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  • Writer's pictureMehr Fatima

Unveiling the Taboos: Menstrual Hygiene Challenges in Jammu and Kashmir's Religious Institutions

Menstruation is a topic that is surrounded by silence, shame, and social taboos. This is further manifested in social practices that restrict mobility, freedom, and access to normal activities for menstruating women. Some cultures restrict menstruating women from consumption of milk, honey, and pickles. Some do not let them prepare food or perform any religious ritual. In some other cultures, menstruation means no human interaction and social isolation. It does not only impact discussion around menstruation as a biological phenomenon though. This also affects the notion of menstrual hygiene.

The World Health Organisation(WHO)/United Nations International Children's Emergency Fund(UNICEF), Joint Monitoring Programme, 2012, defines Menstrual Hygiene Management as ‘Women and adolescent girls using a clean menstrual management material to absorb or collect blood that can be changed in privacy as often as necessary for the duration of the menstruation period, using soap and water for washing the body as required, and having access to facilities to dispose of used menstrual management materials’.

According to a report, usage of sanitary napkins in India remains low, only 50 per cent of women, aged 15-24 use sanitary napkins, and that too mainly from the urban areas. A vast majority of women don’t have proper sanitary disposals. With only 74.5 per cent of women using sanitary methods for menstrual protection and 60 per cent of women using cloth for menstrual protection, Jammu and Kashmir ranks lower in North India in the usage of the same (Uttam, N. p 3-4).

For women in conflict-ridden Jammu and Kashmir, the MHM is an issue shrouded in myths and taboos, especially (but not only) in rural areas. Society in Jammu and Kashmir remains religiously conservative, and quite closed when it comes to open discussions around menstruation and related issues. Not only are phases of menstruation clouded by superstitious beliefs, but reproductive tract infections, which are a silent epidemic, also go unnoticed due to the taboos and stereotypes surrounding them.

The J&K government launched a scheme called Menstrual Hygiene Scheme that tends to cover sanitary essentials distribution under the National Health Mission. This programme provides girls and young women with sanitary products and other essential supplies that are necessary to provide them with a healthy life. But this is not enough to stop the talk of misinformation and superstition with regard to the issue. With respect to this, there is an essential role religious institutions play.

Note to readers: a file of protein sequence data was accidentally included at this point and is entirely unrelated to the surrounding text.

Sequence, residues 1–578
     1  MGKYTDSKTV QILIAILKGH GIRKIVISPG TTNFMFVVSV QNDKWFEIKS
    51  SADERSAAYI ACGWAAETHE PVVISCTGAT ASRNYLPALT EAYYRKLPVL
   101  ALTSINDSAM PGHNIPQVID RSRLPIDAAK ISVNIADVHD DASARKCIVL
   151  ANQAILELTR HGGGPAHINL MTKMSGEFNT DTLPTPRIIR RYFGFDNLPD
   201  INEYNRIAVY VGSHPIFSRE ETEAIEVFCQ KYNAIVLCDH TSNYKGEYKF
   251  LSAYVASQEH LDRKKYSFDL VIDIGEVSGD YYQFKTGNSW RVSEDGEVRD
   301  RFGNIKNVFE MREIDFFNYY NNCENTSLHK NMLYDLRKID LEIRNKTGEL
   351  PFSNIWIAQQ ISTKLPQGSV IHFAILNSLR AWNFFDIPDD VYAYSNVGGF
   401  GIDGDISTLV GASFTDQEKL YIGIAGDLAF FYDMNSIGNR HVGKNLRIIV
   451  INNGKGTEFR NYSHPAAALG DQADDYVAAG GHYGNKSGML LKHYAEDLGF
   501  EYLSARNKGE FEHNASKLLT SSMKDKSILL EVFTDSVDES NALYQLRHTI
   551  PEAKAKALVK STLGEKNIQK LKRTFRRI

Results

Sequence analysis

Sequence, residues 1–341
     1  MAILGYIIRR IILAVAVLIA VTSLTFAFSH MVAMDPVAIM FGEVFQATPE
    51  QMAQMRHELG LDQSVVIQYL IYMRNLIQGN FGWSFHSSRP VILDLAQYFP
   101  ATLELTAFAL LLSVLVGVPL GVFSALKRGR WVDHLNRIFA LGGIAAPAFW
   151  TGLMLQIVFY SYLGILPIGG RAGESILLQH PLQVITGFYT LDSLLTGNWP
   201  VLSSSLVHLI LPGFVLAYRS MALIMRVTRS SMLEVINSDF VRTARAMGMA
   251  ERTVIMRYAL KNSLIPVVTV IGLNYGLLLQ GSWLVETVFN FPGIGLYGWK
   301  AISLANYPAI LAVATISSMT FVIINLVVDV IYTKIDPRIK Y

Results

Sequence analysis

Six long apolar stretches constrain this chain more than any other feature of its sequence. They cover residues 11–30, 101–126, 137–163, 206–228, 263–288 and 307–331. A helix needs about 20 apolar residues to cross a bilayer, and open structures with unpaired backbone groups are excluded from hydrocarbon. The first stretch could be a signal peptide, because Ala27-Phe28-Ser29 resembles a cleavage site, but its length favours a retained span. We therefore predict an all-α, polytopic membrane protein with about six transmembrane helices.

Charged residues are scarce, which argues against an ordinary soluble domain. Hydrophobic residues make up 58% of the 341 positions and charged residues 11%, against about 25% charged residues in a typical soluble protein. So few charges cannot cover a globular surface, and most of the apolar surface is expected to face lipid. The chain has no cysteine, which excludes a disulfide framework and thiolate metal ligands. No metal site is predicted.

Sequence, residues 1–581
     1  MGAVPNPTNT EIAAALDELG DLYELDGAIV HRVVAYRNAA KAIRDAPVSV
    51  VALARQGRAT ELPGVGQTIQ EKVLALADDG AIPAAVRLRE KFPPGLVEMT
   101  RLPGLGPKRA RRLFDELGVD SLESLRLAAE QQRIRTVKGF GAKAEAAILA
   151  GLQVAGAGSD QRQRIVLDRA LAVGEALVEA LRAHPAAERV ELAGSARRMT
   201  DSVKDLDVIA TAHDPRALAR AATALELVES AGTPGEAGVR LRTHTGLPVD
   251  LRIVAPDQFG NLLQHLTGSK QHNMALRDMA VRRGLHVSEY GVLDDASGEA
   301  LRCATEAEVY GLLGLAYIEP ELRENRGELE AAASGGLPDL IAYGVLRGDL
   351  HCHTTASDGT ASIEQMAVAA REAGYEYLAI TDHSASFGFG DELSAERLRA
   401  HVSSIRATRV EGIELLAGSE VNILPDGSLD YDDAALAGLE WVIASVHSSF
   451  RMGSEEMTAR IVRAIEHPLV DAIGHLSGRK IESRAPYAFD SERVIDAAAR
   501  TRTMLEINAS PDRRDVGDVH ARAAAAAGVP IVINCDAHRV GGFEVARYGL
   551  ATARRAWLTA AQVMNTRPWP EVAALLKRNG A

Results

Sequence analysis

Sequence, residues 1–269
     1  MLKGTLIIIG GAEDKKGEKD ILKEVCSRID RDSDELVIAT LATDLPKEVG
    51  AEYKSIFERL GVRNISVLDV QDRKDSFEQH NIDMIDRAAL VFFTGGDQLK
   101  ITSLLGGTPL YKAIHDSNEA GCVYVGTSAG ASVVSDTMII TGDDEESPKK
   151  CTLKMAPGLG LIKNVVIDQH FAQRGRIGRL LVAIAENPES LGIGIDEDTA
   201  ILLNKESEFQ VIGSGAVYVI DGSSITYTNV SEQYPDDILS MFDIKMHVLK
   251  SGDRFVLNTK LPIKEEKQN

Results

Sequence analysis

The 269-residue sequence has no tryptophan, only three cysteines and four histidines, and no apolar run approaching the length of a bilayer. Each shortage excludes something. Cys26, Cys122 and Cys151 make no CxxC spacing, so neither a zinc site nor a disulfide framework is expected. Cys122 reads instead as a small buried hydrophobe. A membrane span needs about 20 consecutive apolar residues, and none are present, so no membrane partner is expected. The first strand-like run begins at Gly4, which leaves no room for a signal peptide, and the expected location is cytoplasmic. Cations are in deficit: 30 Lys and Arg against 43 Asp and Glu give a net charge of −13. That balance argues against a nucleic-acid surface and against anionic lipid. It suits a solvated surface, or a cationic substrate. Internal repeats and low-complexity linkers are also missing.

In the rural areas, and certain urban pockets of J&K, these institutions play a key role in supporting girls and young women in pursuing education. They also provide shelter and monetary assistance to the girls belonging to disadvantaged sections. These institutions play a significant role in the upward mobility of these girls. Hence, it is pertinent that they are equipped with proper knowledge about menstruation hygiene. This is, sadly, not the case. Most of these religious institutions are run by male patrons. There are certain lacunae in the structure regarding the awareness of menstrual hygiene. Strict religious norms surrounding the interaction between genders add to the difficulty. There is also a lack of coordination between these institutions and the administration. Latter is more focused on public schools and colleges when it comes to the MHM. For female students studying in these institutions, due to stigmatization associated with several myths and practices associated with menstruation, negative outcomes follow. Also, religious schools mainly shelter students belonging to the less affluent sections of society, so, it might also be the reason for the lack of attention given to these.

Moreover, there is a lack of awareness of puberty and menstrual health. Before menarche, many girls do not even have an idea what periods are (though this is not limited to those studying in religious institutions only). Few women with menstrual problems seek help. For instance, restricted access to working bathrooms continues to be a barrier, affecting menstruating girls and women disproportionately. Even when toilets are available, cultural customs, hygiene habits, and community attitudes about menstruation limit others to use the same washroom. The availability of disposal infrastructure, as well as community attitudes and views regarding menstruation, influence how women and girls should eliminate their waste. Various misconceptions and practices associated with it result in adverse health outcomes. Women are not allowed to touch sacred things, and in some cultures, women are even isolated and put into menstrual huts.

Public avoidance around menstruation makes it a private and largely hidden custom.